Focus on Women, the Reproductive System and Yoga

Kaplabhati-1Interview with Yoga Teacher – Sami

Q: Namaste, which yoga practices help support the reproductive system?

Sami: All yoga practices and yoga meditation help the reproductive system by lowering our stress levels, and calming and balancing our mind and emotions. Our nervous system affects our whole endocrine system, of which the reproductive system is a part, and depending on our stress levels our body’s general homeostasis can be affected as well as specific effects such as increasing or decreasing our metabolism.

Q: Can you give us an example of this?

Sami: Yes, I know someone who had polycystic ovary syndrome, who, by adopting these yoga practices and living a yoga lifestyle they were able to successfully turn this syndrome around. When they were first diagnosed with it they were told they would most likely not be able to have children and although it did take them 10 years to get the all clear from their doctor they are now happily a mum of healthy children, so adopting yoga practices and a yoga life style certainly helped their reproductive system to function.

Q: How did the yoga practices and yoga lifestyle help improve the health of their reproductive system?

Sami: They changed from their old lifestyle (unhealthy, stressed and erratic) to a yoga lifestyle (healthy, calm and routine). They took up yoga practices like yoga meditation, yoga asanas, pranayama and yoga nidra to learn to deal with stress and to help change their perspective on life and how they lived it. This then helped them lead a balanced life in all respects.

crow poseQ: Are there any yoga asanas that can help our reproductive system functioning?

Sami: Yes. There are certain yoga asanas that can help to strengthen core muscles around the reproductive organs. This in turn helps their functioning by keeping the fascia and meridians actively supporting and communicating with the internal bodily tissues. Boat pose, crow, plank and arm balances are great for strengthening the core musculature and low back. Poses like shoulder stands, bridge pose and restorative poses also help to stimulate the major glands which may help with hormone production.

Q: How do yoga asanas help our reproductive system?

Sami: They boost hormone production by stimulating the major reproductive glands. Forward bends can help to alleviate premenstrual syndrome by increasing the flow of oxygen-rich blood to the reproductive organs.

Also, doing a shoulder stand or bridge pose will help with thyroid hormone production. The supported plough pose and any restorative pose like child pose, inversions and hero (but supported with a bolster under the knees) are all good for both male and female hormone production.

Q: Are there any contraindications to practicing yoga when you are pregnant, menstruating or during menopause?

Sami: During pregnancy and especially after 20 weeks you need to be careful of lying on your back because the weight of the foetus rests on the vena cava artery and can cut off circulation to the mother and child. It is very important to always listen to your body and if you don’t feel something is right don’t do it, better to be careful and not let your ego take control.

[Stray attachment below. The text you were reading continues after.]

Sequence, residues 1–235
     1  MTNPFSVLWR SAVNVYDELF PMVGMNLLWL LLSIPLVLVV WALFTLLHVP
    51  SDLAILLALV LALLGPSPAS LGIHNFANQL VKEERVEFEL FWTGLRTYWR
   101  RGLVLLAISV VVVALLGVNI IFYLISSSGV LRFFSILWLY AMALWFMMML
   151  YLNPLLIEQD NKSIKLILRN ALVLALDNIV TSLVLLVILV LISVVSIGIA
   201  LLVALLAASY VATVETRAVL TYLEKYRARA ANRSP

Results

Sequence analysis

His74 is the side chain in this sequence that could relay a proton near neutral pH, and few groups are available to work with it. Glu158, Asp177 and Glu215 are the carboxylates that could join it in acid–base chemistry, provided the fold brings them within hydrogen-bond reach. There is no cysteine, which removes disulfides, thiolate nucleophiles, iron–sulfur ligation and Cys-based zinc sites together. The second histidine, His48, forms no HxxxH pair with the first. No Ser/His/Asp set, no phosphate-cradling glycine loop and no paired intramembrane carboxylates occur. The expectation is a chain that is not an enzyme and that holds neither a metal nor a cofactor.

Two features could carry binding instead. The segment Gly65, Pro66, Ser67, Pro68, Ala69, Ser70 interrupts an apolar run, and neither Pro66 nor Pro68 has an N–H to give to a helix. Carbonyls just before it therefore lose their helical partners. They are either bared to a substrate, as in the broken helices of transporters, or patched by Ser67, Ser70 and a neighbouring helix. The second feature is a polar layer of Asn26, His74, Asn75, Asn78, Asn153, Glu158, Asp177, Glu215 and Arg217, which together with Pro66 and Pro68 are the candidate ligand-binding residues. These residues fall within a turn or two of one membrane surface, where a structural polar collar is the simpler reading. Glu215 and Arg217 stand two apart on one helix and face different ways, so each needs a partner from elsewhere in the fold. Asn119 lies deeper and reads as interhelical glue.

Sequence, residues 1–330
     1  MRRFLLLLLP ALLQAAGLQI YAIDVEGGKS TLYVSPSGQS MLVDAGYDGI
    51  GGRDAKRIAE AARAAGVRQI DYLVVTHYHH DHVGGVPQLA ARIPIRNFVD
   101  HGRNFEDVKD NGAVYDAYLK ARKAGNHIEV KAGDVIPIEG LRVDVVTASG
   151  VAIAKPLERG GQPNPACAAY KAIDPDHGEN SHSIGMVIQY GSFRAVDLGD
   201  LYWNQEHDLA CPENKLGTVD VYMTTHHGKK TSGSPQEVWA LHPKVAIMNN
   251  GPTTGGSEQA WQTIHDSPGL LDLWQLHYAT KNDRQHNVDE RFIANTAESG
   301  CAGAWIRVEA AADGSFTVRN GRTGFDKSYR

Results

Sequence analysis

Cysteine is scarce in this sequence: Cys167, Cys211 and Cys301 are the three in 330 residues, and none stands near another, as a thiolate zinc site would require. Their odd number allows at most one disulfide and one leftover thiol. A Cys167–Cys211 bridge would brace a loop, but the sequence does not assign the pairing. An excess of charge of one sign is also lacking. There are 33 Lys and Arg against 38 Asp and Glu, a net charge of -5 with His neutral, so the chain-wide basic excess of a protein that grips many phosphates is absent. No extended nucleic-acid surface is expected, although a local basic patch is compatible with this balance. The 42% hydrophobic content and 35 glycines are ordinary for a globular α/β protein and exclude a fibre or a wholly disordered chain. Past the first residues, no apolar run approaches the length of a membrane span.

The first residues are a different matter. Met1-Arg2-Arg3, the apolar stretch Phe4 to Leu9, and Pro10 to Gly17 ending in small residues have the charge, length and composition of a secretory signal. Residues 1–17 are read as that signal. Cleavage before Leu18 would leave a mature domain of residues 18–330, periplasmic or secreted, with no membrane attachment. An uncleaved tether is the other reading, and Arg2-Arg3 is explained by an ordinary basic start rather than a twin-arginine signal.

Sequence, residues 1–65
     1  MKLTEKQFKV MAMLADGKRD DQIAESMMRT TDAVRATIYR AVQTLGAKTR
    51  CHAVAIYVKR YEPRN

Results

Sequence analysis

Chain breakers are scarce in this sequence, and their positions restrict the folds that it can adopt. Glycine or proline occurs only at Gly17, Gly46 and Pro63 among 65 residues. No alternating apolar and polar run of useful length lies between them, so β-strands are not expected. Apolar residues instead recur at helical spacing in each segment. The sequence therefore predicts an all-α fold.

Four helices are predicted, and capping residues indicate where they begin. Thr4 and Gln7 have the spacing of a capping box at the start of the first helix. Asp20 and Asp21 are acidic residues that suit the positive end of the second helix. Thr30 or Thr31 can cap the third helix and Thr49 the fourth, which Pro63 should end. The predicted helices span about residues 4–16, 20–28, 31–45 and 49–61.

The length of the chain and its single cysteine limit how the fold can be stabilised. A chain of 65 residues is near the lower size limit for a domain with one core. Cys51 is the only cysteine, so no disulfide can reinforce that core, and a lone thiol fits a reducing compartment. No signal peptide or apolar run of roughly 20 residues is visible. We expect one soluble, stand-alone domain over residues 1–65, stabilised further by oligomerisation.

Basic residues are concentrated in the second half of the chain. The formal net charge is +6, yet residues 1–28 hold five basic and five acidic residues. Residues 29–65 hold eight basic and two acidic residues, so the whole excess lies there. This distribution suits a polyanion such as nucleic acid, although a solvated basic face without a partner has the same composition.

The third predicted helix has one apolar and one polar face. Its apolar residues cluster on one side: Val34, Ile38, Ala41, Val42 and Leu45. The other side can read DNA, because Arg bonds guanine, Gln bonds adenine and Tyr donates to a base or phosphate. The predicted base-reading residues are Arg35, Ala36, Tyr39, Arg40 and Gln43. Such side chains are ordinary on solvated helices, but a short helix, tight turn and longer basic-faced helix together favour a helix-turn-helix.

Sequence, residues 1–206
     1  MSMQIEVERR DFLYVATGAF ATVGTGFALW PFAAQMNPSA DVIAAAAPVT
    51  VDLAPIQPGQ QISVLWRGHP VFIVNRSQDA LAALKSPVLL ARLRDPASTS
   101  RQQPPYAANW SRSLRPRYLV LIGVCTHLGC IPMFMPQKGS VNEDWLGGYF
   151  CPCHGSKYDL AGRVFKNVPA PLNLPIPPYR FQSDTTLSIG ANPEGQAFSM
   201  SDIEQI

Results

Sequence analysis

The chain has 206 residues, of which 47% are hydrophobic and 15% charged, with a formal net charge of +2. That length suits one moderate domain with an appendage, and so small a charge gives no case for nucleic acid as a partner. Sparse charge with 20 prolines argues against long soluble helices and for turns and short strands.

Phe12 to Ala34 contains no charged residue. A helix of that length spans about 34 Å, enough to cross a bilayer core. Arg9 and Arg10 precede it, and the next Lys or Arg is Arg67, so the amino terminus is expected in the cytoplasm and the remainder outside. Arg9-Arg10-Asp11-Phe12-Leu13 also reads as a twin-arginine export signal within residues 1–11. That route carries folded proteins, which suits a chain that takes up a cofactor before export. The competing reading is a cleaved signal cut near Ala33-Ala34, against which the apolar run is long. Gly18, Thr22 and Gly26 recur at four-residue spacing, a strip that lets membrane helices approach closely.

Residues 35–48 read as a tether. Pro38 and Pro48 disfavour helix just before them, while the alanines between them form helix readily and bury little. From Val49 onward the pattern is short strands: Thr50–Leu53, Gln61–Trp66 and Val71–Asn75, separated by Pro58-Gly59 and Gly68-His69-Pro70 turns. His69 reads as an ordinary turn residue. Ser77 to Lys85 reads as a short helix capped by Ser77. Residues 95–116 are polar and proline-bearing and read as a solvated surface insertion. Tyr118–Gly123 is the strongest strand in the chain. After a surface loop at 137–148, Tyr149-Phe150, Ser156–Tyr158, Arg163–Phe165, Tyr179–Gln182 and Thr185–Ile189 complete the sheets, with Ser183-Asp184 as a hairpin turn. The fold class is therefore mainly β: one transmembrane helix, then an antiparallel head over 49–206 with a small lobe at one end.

Doing inverted poses while you are menstruating is a contraindication too. The idea is for blood and uterine lining to flow out of the body, so doing an inverted pose at this time goes against the body’s natural processes. Yoga can help the transition during menopause because it is about being balanced, and promotes relaxation and gives renewed purpose to your life.

woman-meditatesQ: Is there anything you would like to add?

Sami: Yes, sometimes it is helpful to think in terms of chronic imbalances instead of chronic diseases. This can open the mind up to the possibility of change. The yoga life style is a balanced lifestyle. Adjuncts to this are the importance of engaging in regular yoga practices and leading a healthy lifestyle. That can mean having a routine for your yoga practices, getting enough good quality sleep, quality nutrition and water. For example, eating and drinking quality food and water means that the prana or life force is still present making what you eat and drink vibrant and therefore healthy. Filtered water is better than water straight out of the tap. Home grown vegetables taste better and are better for you than food that’s been grown and transported from across the world and then stored in a cold room. In the latter case a lot of the prana has left, and there are a lot less chemicals in organic food and filtered water and that has a positive effect on our health too, especially our endocrine system.

Yoga practices and a yoga lifestyle can help boost production of our hormones and then keep them in balance. A woman in the course of her menstrual cycles, or who is pregnant or during peri-menopause can get a glimpse of the state of her health. For example, if you are experiencing painful premenstrual tension, or if you are leading up to menopause and your hormones are out of balance then that is a good time to stop and ask why and what you can do or stop doing to change your life. Ultimately, leading a balanced life will help you to boost low hormone production, and keep them in balance too.